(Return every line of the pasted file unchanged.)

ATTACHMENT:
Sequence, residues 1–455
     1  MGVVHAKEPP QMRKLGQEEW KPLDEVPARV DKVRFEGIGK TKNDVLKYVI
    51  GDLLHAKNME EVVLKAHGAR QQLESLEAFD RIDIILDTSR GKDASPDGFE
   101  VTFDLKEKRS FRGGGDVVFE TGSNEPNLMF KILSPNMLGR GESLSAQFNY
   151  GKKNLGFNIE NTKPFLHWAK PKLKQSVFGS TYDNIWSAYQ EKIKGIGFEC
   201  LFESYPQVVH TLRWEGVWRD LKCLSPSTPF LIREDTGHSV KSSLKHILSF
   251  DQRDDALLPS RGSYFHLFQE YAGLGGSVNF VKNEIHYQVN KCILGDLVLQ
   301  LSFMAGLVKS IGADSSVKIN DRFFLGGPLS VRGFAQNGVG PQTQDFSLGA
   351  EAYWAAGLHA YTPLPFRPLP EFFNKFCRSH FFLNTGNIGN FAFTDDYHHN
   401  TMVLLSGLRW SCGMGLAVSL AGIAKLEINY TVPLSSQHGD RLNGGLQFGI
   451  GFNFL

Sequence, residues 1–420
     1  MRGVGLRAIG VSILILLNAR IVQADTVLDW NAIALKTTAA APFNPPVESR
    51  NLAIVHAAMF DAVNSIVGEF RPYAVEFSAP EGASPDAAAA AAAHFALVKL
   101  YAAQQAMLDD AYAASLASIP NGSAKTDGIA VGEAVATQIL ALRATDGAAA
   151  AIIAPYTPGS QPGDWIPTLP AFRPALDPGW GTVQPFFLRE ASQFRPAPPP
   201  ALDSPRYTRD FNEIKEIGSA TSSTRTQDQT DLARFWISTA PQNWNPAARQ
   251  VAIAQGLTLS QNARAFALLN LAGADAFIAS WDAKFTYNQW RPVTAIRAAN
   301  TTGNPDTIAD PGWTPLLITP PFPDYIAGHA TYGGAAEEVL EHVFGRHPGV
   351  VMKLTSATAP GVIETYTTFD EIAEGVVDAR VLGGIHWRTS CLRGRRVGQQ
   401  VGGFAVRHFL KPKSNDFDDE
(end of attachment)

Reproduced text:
Sequence, residues 1–455
     1  MGVVHAKEPP QMRKLGQEEW KPLDEVPARV DKVRFEGIGK TKNDVLKYVI
    51  GDLLHAKNME EVVLKAHGAR QQLESLEAFD RIDIILDTSR GKDASPDGFE
   101  VTFDLKEKRS FRGGGDVVFE TGSNEPNLMF KILSPNMLGR GESLSAQFNY
   151  GKKNLGFNIE NTKPFLHWAK PKLKQSVFGS TYDNIWSAYQ EKIKGIGFEC
   201  LFESYPQVVH TLRWEGVWRD LKCLSPSTPF LIREDTGHSV KSSLKHILSF
   251  DQRDDALLPS RGSYFHLFQE YAGLGGSVNF VKNEIHYQVN KCILGDLVLQ
   301  LSFMAGLVKS IGADSSVKIN DRFFLGGPLS VRGFAQNGVG PQTQDFSLGA
   351  EAYWAAGLHA YTPLPFRPLP EFFNKFCRSH FFLNTGNIGN FAFTDDYHHN
   401  TMVLLSGLRW SCGMGLAVSL AGIAKLEINY TVPLSSQHGD RLNGGLQFGI
   451  GFNFL

Sequence, residues 1–420
     1  MRGVGLRAIG VSILILLNAR IVQADTVLDW NAIALKTTAA APFNPPVESR
    51  NLAIVHAAMF DAVNSIVGEF RPYAVEFSAP EGASPDAAAA AAAHFALVKL
   101  YAAQQAMLDD AYAASLASIP NGSAKTDGIA VGEAVATQIL ALRATDGAAA
   151  AIIAPYTPGS QPGDWIPTLP AFRPALDPGW GTVQPFFLRE ASQFRPAPPP
   201  ALDSPRYTRD FNEIKEIGSA TSSTRTQDQT DLARFWISTA PQNWNPAARQ
   251  VAIAQGLTLS QNARAFALLN LAGADAFIAS WDAKFTYNQW RPVTAIRAAN
   301  TTGNPDTIAD PGWTPLLITP PFPDYIAGHA TYGGAAEEVL EHVFGRHPGV
   351  VMKLTSATAP GVIETYTTFD EIAEGVVDAR VLGGIHWRTS CLRGRRVGQQ
   401  VGGFAVRHFL KPKSNDFDDE